OpenStack, the open-source cloud at 10

By 2010, both the cloud and open-source software were becoming mainstream, but they hadn't been combined. Then, NASA and Rackspace joined forces and released OpenStack, the first open-source cloud, and the world would never be the same.

In 2010. Oracle's Larry Ellison may still have thought that the cloud was "complete gibberish," while some people were insisting that the "cloud was just someone else's computer," but savvy folks knew better. At NASA Ames Research Center and Rackspace, two groups of developers decided that the best way to approach a cloud was to build one out from open-source software: OpenStack.

The Amazon Elastic Compute Cloud, Amazon Web Services' ancestor was already around and Microsoft had launched Azure in February 2010. But even though they were already running Linux and other open-source programs, these were privately held, proprietary platforms. The Ames team wanted NASA to host and manage its own computing and data resources.

Ames' answer was to create Nebula, an early Infrastructure-as-a-Service (IaaS) cloud. But, as Brian Gracely, Red Hat's senior director of product strategy, pointed out, "NASA didn't have the staff to build the whole thing and maintain it long-term." So, Ames went the open-source route. The first major building block, Nova, is still part of OpenStack today. At the time, though, as one developer put it, "It's live, it's buggy, it's beta. Check it out."

That's exactly what Rackspace did. Two months later, the Rackspace and NASA teams were working together and released the very first version of OpenStack.

Within a few years, OpenStack's popularity exploded. HP, IBM, Red Hat, VMware, and numerous other tech powers threw their support behind OpenStack. As Jim Curry, then Rackspace's SVP of Strategy and Corporate Development, explained, "A couple of things came together. First, cloud technology and its form factor was hitting an infraction point. After several years, Amazon Web Services was just moving into the mainstream and people were looking not just for an open-source alternative, but for any AWS alternative."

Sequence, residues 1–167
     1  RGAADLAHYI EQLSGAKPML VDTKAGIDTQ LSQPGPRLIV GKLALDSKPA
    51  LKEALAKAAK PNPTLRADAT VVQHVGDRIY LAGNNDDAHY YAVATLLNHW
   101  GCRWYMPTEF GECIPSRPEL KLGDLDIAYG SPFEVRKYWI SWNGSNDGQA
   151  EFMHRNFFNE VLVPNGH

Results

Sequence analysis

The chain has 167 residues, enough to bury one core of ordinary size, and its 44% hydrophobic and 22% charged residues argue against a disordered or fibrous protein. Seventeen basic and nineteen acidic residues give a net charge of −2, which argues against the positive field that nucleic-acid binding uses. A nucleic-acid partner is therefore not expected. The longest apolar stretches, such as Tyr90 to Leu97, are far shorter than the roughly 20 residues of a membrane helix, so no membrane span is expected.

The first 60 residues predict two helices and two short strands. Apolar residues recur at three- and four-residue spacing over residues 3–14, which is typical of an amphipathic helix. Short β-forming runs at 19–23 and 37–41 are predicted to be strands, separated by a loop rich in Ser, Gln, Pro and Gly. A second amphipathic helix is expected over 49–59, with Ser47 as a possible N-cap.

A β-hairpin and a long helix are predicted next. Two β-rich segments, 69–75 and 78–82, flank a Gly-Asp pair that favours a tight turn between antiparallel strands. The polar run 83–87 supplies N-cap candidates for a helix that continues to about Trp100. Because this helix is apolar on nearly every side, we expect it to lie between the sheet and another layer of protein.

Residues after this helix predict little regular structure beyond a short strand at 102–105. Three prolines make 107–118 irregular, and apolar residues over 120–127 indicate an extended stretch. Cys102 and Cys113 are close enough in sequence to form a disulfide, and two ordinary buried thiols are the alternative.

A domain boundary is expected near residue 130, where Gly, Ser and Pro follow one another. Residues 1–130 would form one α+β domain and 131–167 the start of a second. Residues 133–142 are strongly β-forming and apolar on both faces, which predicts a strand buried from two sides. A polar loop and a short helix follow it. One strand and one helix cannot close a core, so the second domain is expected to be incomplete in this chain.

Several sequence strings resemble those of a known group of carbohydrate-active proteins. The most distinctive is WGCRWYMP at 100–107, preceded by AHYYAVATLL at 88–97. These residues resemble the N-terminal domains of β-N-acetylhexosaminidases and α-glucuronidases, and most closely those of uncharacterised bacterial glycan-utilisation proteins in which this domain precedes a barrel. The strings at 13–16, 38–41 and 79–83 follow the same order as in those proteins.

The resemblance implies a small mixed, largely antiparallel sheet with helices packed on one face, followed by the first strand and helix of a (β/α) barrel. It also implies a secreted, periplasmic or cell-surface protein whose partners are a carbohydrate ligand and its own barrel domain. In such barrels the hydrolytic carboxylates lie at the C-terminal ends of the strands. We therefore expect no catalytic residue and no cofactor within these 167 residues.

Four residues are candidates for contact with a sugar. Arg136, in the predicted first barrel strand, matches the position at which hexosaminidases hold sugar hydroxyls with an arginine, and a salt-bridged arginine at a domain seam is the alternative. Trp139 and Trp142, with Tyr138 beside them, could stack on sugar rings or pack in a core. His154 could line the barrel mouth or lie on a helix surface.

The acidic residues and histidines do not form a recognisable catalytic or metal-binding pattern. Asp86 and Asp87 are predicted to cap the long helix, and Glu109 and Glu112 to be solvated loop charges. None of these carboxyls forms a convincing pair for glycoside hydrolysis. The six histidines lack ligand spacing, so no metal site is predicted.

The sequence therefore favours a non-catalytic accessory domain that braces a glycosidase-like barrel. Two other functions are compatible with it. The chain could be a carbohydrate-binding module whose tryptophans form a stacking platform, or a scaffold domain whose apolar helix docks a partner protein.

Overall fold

It's become far more than an AWS alternative. With over 8,000 programmers, OpenStack now has 32 different projects under its umbrella. These projects, such as Airship, a cloud-provisioning system; Kata Containers, lightweight, container-like virtual machines (VMs); StarlingX, an edge infrastructure software stack; and Zuul, a continuous integration/delivery (CI/CD) program, cover a wide variety of cloud and related services. These include APIs to orchestrate bare metal, VMs, and container resources on a single network. Today's OpenStack can also meet the demands of such use cases as high-performance computing (HPC), AI, and machine learning.

Since its origins OpenStack has had 21 on-time releases, from "Austin" to "Ussuri." Looking ahead, 451 Research projects a $7.7 billion USD OpenStack market by 2023. Most of its growth is happening in Asia (36%), Latin America (27%), Europe (22%), and North America (17%). 

OpenStack has also become the cloud of choice for telecoms. These companies, such as AT&T and BT are using OpenStack as the foundation for their 5G initiatives.

Last, but not least, OpenStack remains the most popular open-source cloud for private, hybrid, and public clouds. While some of its early proponents, such as SUSE, have abandoned OpenStack, others like Red Hat, remain staunch OpenStack supporters. Red Hat will soon be releasing its next OpenStack release, Red Hat OpenStack Platform 16.1. Red Hat won't be the only one standing by OpenStack. Its future still looks bright.

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